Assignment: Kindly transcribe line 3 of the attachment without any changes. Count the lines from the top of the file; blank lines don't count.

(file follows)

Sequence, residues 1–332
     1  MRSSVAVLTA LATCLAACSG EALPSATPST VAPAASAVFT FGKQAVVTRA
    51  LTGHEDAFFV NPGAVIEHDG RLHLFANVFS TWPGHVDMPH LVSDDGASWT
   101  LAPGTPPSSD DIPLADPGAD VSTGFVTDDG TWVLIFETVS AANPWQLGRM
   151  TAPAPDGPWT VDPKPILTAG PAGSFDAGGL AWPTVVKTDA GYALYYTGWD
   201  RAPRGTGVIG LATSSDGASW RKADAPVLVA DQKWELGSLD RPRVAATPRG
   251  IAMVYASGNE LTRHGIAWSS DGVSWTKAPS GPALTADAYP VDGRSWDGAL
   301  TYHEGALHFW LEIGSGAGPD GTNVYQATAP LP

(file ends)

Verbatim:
    51  LTGHEDAFFV NPGAVIEHDG RLHLFANVFS TWPGHVDMPH LVSDDGASWT